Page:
Friday, April 7, 2017

F for Fabiola: Female Scientists Before Our Time

St. Fabiola - painting/copy
Jacques Henner
In the mid-First century, the Jewish sect and early Christians felt called to care for the sick and infirm. Those in the Greek and Roman religions were apparently not as charitable. It was therefore not uncommon for priests to be physicians, and for women in the church to serve as nurses and more. Hospitals grew and medical knowledge was preserved by the church as a result.


One such nurse (and physician), Fabiola, established a hospital in Rome for the poor around the year 400. It was the first Christian public hospital in western Europe. Saint Jerome (church father, theologian and historian) wrote that Fabiola “assembled all the sick from the streets and highways" and "personally tended the unhappy and impoverished victims of hunger and disease... washed the pus from sores that others could not even behold."

Fabiola had been born into a patrician Roman family of noble rank and wealth, but life didn’t go well for her in early adulthood. After divorcing her first husband (accordingly, a “vicious life”) and marrying a second time, she lost favor with the church.


Upon the death of both husbands, however, she did penance and was granted full communion and reentry into the church by the pope. She then spent time in a convent with nuns and devoted the rest of her life serving the poor and suffering, and helping the church financially. It’s not clear when she was made a Catholic saint by the church. She died around 399 AD.        


 



Source:
https://www.kateriirondequoit.org/resources/saints-alive/fabiola-fursey/st-fabiola-benefactress/; https://en.wikipedia.org/wiki/Saint_Fabiola; https://en.wikipedia.org/wiki/Catholic_Church_and_health_care

24 comments:

  1. It's amazing that she was born into a family of noble rank and wealth, yet turned to a life serving the poor and suffering. Another amazing woman.

    ReplyDelete
    Replies
    1. It seems she had no regrets leaving the old life behind. An admirable woman! Thank you, Michelle.

      Delete
  2. Mother Teresa's predecessor, perhaps?

    A great theme. I have to catch up with your previous posts.

    Cheers,
    https://akprowling.wordpress.com/2017/04/07/f-is-for-filter-coffee/

    ReplyDelete
    Replies
    1. Mother Teresa would be a good comparison. I hadn't thought of that. Thanks!

      Delete
  3. Exactly what I was thinking - a modern day Mother Theresa - what a brave and compassionate woman .. thanks Sharon ..

    ReplyDelete
    Replies
    1. Yes, very... She had a rough start though. Her transition must have been truly extraordinary. Thanks, Susan.

      Delete
  4. A wonderful "F" post Sharon, these ladies certainly were great in their day.

    Yvonne.

    ReplyDelete
    Replies
    1. Thank you. I am filled with admiration, especially for Fabiola.

      Delete
  5. Ah - a medieval Florence Nightingale, wonder what motivated them to serve the sick selflessly like that? Admirable!

    Nilanjana
    Madly-in-Verse

    ReplyDelete
    Replies
    1. Ooh, someone else I hadn't thought of. I think Fabiola's faith in God was a strong motivator. Thank you, Nilanjana.

      Delete
  6. A very dedicated woman by all accounts. I wonder what kind of knowledge she carried around in her head that was lost to the ages.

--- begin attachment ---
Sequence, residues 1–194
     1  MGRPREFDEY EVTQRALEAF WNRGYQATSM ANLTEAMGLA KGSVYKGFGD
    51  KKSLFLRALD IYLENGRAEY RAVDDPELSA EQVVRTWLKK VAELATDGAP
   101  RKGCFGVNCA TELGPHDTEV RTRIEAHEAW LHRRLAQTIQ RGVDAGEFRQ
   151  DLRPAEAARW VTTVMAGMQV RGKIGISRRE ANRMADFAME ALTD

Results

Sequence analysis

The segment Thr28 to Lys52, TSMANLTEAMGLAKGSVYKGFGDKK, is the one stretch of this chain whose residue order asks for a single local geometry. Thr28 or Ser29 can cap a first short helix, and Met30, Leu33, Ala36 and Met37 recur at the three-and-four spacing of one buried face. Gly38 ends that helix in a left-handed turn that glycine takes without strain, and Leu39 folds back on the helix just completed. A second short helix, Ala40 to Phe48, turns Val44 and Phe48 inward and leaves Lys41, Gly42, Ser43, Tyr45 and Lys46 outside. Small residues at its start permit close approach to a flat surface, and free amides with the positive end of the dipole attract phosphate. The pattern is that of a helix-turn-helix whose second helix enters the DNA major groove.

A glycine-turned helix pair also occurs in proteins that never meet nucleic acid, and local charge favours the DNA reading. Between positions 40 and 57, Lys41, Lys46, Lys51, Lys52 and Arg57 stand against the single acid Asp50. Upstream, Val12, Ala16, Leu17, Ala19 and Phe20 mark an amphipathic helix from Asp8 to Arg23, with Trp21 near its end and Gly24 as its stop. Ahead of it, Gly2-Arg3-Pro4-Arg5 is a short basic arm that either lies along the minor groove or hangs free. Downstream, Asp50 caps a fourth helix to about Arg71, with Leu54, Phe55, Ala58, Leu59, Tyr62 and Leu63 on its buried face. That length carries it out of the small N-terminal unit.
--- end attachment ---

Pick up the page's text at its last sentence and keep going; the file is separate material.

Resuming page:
Tasha
    Tasha's Thinkings - Shapeshifters and Werewolves

    ReplyDelete
    Replies
    1. I think a lot of medicine was passed down, such as the use of herbs and other folk remedies. Some later ladies in this series tell more. Thanks, Natasha!

      Delete
  7. Another interesting find. So few women have been accredited in traditional histories it is wonderful to learn about these strong women.

    ReplyDelete
    Replies
    1. Yes, so true. Thank you. Men were recorded more in history, as men were usually the historians. These ladies existed, but we know little about them, unless documented in the church as Fabiola was.

      Delete
  8. Replies
    1. Yes, odd isn't it, as historically, the Catholic has taken a strong stand on divorce. But apparently she satisfied the pope with her penance. Thanks, Tamara.

      Delete
  9. Another amazing woman. Thanks for sharing.

    ReplyDelete
  10. A divorced catholic woman who worked and became a saint...will wonders never cease?:) This was very interesting to read about this woman who defied the basic rules of the day

    ReplyDelete
    Replies
    1. I agree. She must have been the real McCoy to convince the pope, and her charitable work spoke volumes. Pretty awesome lady. Thanks, Birgit!

      Delete
  11. Interesting that she tried married life with two husbands before accepting her true, and obviously very forceful calling.

    Musings Over Poetry

    ReplyDelete
    Replies
    1. Hi Gail, welcome! I think there is much more to her story...concerning her conversion and faith. I think "very forceful calling" is an apt description!

      Delete
  12. Hi Sharon - fascinating history ... I knew the name, but not that there was a Saint. So interesting what we find out as we travel our A-Z journey ... cheers Hilary

    http://positiveletters.blogspot.co.uk/2017/04/g-is-for-goose-gobbling-or-otherwise.html

    ReplyDelete
    Replies
    1. Thank you, Hilary. It has been a very interesting journey! The world may be coming apart at the seams, but as bloggers, we are building beautiful bridges of communication and education.

      Delete

"Stay" is a charming word in a friend's vocabulary
(A.B. Alcott). Stay and visit awhile. Your comments mean a lot to me.